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Sophie Haspeslagh: (De)vilification of the FARC and the linguistic cease-fi...

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King's College London, Waterloo campus

Franklin Wilkins Bldg, Rm 1.10

Stamford St.

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Abstract

Villains need to be de-villainised for talking to begin; this is a cornerstone of negotiation literature. But what happens when villains are proscribed, or listed as a terrorist organisation? What is different about the vilification process and how does it influence the prospect for de-vilification and the inception of peace negotiations? To tackle these questions, the paper analyses and compares the processes of vilification and de-vilification before and after the Revolutionary Armed Forces of Colombia (FARC for its Spanish acronym) was proscribed as a ‘terrorist’ organisation. Twenty years of statements by successive Colombian governments and the FARC were scanned, of which 335 were chosen based on relevance. This paper maps representations made by the two sides through an in-depth qualitative discourse analysis of the delimited texts. The paper revisits the literature on (de)vilification, adding to it by explaining some of its central components through a six-step process and by arguing that proscription leads to a form of extreme vilification. This extreme vilification appears to make de-vilification much more challenging. This is especially true of the government, which cannot simply switch directly to de-vilification. First it has to normalise its vilification – a concept we describe here as a “linguistic cease-fire”.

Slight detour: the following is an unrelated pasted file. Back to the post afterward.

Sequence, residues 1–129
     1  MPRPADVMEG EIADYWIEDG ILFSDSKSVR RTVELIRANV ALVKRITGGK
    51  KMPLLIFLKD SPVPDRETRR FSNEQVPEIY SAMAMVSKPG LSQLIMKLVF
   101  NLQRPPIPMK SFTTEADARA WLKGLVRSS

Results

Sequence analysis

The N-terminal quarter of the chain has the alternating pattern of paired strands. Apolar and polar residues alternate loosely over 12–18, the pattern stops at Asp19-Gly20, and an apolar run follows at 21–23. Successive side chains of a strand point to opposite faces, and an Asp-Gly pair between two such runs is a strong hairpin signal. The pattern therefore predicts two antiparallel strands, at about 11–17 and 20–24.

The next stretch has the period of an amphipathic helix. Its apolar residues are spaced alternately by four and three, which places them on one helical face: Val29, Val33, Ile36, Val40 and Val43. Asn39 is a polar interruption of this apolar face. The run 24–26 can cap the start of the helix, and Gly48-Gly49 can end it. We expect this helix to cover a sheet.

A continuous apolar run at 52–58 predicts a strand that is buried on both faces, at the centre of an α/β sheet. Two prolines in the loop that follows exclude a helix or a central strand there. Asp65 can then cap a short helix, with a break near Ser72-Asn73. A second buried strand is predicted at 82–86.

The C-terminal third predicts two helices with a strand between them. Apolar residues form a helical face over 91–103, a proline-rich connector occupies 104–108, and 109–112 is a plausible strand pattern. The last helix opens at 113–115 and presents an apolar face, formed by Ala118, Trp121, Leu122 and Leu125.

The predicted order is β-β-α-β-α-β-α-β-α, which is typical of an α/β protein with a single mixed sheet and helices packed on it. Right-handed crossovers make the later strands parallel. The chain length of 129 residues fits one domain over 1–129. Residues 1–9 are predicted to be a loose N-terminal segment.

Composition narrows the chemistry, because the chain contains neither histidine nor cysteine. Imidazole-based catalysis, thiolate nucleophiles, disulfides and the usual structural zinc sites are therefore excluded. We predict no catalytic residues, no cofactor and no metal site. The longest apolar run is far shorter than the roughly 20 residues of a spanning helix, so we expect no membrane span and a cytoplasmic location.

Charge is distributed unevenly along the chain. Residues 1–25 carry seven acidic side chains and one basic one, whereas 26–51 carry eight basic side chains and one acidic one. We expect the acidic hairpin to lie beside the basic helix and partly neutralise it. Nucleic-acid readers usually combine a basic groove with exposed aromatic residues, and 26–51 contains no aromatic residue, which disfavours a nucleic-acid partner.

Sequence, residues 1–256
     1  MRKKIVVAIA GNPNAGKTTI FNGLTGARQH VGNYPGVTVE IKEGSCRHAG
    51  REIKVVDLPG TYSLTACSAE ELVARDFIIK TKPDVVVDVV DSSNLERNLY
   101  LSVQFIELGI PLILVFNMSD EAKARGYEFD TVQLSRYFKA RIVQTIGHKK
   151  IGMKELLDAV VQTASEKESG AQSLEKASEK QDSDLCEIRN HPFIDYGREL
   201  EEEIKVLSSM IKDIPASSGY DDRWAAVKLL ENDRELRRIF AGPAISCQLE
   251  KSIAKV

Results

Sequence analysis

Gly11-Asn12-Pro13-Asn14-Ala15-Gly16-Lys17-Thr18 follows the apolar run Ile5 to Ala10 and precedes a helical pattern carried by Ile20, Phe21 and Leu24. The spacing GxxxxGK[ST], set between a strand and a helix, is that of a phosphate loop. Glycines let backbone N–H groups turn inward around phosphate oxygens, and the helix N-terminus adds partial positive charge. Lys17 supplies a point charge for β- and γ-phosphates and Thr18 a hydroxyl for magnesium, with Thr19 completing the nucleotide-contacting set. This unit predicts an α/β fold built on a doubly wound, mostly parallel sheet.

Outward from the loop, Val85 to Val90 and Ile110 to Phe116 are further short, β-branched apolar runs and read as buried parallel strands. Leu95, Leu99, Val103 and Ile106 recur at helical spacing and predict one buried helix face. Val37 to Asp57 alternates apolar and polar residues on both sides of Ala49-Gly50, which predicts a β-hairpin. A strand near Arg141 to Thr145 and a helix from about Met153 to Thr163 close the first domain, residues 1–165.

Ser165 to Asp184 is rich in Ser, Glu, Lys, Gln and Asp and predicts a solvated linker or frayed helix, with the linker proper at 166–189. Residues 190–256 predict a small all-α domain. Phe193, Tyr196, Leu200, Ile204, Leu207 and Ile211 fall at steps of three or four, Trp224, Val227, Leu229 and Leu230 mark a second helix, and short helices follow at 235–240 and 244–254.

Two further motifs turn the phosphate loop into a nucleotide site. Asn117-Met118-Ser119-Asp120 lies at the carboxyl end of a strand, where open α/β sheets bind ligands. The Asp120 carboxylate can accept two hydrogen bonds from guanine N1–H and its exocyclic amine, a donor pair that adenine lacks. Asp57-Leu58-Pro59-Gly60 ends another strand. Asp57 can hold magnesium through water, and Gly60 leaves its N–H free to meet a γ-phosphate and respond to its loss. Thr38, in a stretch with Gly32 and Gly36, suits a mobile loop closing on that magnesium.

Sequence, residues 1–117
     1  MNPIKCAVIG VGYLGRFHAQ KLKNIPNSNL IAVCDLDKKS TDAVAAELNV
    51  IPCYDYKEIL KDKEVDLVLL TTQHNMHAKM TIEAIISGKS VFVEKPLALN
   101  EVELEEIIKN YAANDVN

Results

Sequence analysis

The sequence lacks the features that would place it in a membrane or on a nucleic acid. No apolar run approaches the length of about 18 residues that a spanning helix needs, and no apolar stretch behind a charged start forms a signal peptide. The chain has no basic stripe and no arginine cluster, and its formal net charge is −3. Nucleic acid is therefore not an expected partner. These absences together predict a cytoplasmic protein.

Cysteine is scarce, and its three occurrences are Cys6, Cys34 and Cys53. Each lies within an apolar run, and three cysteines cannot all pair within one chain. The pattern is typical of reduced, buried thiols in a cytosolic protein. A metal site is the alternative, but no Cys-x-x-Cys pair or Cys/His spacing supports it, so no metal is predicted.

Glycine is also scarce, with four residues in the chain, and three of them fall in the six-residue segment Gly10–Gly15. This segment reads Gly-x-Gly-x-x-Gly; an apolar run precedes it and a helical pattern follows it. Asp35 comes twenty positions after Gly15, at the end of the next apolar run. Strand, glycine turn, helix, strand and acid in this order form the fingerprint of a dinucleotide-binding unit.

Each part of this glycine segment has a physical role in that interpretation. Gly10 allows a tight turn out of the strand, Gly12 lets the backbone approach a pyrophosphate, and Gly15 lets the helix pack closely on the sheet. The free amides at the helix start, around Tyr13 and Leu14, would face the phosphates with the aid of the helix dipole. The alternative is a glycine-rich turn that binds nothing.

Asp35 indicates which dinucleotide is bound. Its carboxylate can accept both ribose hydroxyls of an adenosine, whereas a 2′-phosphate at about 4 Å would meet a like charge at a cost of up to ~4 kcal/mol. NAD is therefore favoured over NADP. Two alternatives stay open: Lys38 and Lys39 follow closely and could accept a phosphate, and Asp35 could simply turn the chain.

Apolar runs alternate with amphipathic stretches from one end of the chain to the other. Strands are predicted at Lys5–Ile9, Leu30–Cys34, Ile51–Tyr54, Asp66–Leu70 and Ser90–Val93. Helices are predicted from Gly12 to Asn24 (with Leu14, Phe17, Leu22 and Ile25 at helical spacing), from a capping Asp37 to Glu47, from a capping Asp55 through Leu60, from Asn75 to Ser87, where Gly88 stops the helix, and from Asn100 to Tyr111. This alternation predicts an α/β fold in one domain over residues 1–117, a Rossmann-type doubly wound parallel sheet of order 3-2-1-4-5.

Biography

Sophie Haspeslagh is a doctoral candidate at the International Relations Department of the London School of Economics and Political Science where she is researching the engagement of armed groups and the effects of proscription on peace processes. Until 2012 she was Head of Policy at Conciliation Resources. She previously managed the advocacy platform, ABColombia. She has also worked for the United Nations Development Programme in Algeria, the World Food Programme in Rome, and International Crisis Group in Colombia and Brussels. Sophie holds a Masters in International Relations from SAIS, Johns Hopkins University and a Bachelors in Politics from the University of Bristol.

Chair: Christine Cheng, War Studies

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King's College London, Waterloo campus

Franklin Wilkins Bldg, Rm 1.10

Stamford St.

London

United Kingdom

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